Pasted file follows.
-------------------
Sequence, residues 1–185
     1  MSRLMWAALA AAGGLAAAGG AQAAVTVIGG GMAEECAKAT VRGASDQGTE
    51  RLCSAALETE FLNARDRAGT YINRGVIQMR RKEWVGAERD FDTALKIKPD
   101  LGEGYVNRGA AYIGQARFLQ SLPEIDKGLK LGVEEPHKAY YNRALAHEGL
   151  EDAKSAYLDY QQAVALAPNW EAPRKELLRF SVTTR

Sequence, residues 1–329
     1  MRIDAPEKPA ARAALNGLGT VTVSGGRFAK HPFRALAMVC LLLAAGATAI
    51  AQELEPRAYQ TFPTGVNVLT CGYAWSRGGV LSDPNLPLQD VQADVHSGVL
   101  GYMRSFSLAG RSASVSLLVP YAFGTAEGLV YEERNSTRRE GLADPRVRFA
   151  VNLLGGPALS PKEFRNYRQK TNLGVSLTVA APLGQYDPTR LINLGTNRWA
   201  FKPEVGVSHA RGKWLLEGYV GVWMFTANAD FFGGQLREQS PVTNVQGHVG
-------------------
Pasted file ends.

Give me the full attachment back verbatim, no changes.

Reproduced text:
Sequence, residues 1–185
     1  MSRLMWAALA AAGGLAAAGG AQAAVTVIGG GMAEECAKAT VRGASDQGTE
    51  RLCSAALETE FLNARDRAGT YINRGVIQMR RKEWVGAERD FDTALKIKPD
   101  LGEGYVNRGA AYIGQARFLQ SLPEIDKGLK LGVEEPHKAY YNRALAHEGL
   151  EDAKSAYLDY QQAVALAPNW EAPRKELLRF SVTTR

Sequence, residues 1–329
     1  MRIDAPEKPA ARAALNGLGT VTVSGGRFAK HPFRALAMVC LLLAAGATAI
    51  AQELEPRAYQ TFPTGVNVLT CGYAWSRGGV LSDPNLPLQD VQADVHSGVL
   101  GYMRSFSLAG RSASVSLLVP YAFGTAEGLV YEERNSTRRE GLADPRVRFA
   151  VNLLGGPALS PKEFRNYRQK TNLGVSLTVA APLGQYDPTR LINLGTNRWA
   201  FKPEVGVSHA RGKWLLEGYV GVWMFTANAD FFGGQLREQS PVTNVQGHVG